• Iranian composer & musician Hafez Nazeri is charting (#5) with an album original material (whoa) composed as a tribute to the poet Rumi. The Rumi Symphony Project features Deepak Chopra (yes, that one) spitting Rumi verses, along with Hafez Nazeri’s father, Shahrma, a well-known Persian classical and Sufi singer. This one goes.
  • Kronos Quartet debuted at the #19 spot with their album A Thousand Thoughts. People who have opinions on such things have basically panned the album (albeit very nicely). Why does that matterITDOESN’TMATTERWHATYOUTHINK.** The Kronos discography is unassailable. Those guys could sequester themselves in a don-size villa in Cabo San Lucas and release an annual In Through The Out Door cover album and their legacy would remain unblemished. Fans don’t give a flying f.

**Apologies to The Rock.


Classical Link Rodeo


  • Take this NPR quiz to ID some big concertmaster solos.
  • Joakim Noah’s photo-op on the Chicago Lyric Opera stage.
  • John Luther Adams won a Pulitzer for his piece Become Ocean, which makes the case that all composers have to be named John Adams.
  • Utah Symphony’s MIGHTY 5 TOUR features free performances at five different Utah National Parks.
  • Sign of the times: a Macedonian orchestra landed the score for Draft Day by underbidding a Hollywood orchestra.
  • Post-Easter: “Bach’s Passions are the greatest musical works ever written for Good Friday services.”

Sometimes courting disaster means living with disastrous results

Megadeth guitarist Dave Mustaine & the San Diego Symphony just wrapped a collaboration called “Symphony Interrupted.” It did not go so well.

This was parody-level bad. Could this be real life?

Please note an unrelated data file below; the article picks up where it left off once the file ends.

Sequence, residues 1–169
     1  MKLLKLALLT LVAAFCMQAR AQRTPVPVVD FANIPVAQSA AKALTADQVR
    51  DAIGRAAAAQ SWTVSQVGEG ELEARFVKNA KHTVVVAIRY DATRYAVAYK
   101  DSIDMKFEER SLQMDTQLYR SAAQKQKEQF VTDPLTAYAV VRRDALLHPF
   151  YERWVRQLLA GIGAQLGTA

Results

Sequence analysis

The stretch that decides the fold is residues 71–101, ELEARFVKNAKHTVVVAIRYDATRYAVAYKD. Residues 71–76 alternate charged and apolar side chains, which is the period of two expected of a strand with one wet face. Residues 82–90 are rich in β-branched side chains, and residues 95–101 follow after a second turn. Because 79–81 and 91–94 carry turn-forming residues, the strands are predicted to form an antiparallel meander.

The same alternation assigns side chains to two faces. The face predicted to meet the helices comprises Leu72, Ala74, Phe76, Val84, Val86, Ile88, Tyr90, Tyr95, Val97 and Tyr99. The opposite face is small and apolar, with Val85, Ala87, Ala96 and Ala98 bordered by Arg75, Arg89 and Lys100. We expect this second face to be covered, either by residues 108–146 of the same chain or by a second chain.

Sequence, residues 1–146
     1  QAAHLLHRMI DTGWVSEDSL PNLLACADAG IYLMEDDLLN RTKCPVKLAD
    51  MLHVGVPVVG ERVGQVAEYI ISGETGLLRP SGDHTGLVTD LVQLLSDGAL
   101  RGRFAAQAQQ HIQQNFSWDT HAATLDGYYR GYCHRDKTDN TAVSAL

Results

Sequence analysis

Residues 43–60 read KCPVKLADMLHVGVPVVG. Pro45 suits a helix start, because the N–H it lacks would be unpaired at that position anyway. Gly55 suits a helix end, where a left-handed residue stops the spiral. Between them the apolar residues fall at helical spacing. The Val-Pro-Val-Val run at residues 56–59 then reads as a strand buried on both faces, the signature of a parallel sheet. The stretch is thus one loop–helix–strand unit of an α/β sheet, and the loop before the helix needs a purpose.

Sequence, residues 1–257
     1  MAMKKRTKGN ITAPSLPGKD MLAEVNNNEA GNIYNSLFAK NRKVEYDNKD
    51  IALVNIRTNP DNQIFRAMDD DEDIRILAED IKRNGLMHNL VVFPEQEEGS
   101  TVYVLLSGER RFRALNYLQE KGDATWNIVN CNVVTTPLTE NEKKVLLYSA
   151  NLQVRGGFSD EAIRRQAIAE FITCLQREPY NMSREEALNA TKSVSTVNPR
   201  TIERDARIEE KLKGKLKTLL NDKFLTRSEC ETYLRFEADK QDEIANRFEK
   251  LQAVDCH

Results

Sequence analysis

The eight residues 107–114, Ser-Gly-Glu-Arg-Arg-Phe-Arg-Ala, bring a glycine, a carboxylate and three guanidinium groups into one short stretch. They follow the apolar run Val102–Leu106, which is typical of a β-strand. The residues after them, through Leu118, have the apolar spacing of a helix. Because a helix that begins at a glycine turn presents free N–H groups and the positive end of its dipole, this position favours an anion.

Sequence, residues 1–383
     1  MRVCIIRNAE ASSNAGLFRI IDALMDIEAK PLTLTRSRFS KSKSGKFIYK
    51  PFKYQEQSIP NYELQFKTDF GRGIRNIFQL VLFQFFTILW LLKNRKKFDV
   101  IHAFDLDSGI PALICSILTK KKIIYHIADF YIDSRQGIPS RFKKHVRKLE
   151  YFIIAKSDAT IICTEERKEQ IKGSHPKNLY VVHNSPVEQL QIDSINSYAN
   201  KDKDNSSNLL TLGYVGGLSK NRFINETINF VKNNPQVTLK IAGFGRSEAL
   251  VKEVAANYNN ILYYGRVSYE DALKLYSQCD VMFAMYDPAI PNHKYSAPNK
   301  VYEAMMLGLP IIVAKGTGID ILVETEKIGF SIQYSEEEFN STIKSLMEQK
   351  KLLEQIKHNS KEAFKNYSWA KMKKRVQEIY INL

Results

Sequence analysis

Screen shot 2014-04-14 at 10.43.13 PM

Yes, apparently.

Screen shot 2014-04-14 at 10.44.52 PM

Here we have a prime example of a collaboration that looks great on paper (metal + classical, two not-so-strange bedfellows) that just self-destructs in its execution. It’s easy to imagine a world where “Symphony Interrupted” would have been successful, and when success begets success there’s a tremendous upside for everybody involved.

Any number of things may have torpedoed this — lack of rehearsals, lack of coordination between the SDS and Mustaine’s camp, unease with the material, or a half-hearted commitment to doing this show.

What I do know is that audiences deserve better. When you’re charging them money to see a show they want a SHOW. This is what they got instead.


Columbus Symphony gives amateurs their star turn

The Columbus Symphony conducted a little experiment recently by enlisting amateur musicians to join their orchestra’s ranks. The Symphony called it “Side by Side,” and invited 50 people to rehearse classical warhorses like Beethoven’s Fifth Symphony and Sibelius’s Finlandia.

I remember the first time I sat down in the cello section of the Dubuque Symphony, my hometown orchestra of record. I’d seen so many of their shows over the years. They were Up There, performing for their fans, like musical celebrities.


When I was was in middle school the DSO let me play a July 4th pops show at the Dubuque County Fairgrounds. I was starstruck playing with my idols. “Holy hell, how do I hang in on the Firebird finale? How long will it take me to turn the corner on that beastly Star Wars cello part?” The stage was in front of a dirt stock car track. Best gig of my life up to that point.

Here’s a video of the Columbus Symphony’s experiment. Worth a shot in other places? I’d say so.

A commenter over at Norman Lebrecht’s Slipped Disc (where I stole this news item from) points out many US orchestras are already doing this — Buffalo Phil, Minnesota Orchestra, a bunch more. Sweet.


Take off the Stradivari goggles

Classical music is all about pedigree.  When it comes to string instruments, the name Stradivari means violins that purr like Ferraris, cellos as coveted as Louis Vuitton one-time wears, violas rarer than Nintendo gold cartridges. They command a price commensurate with reputation.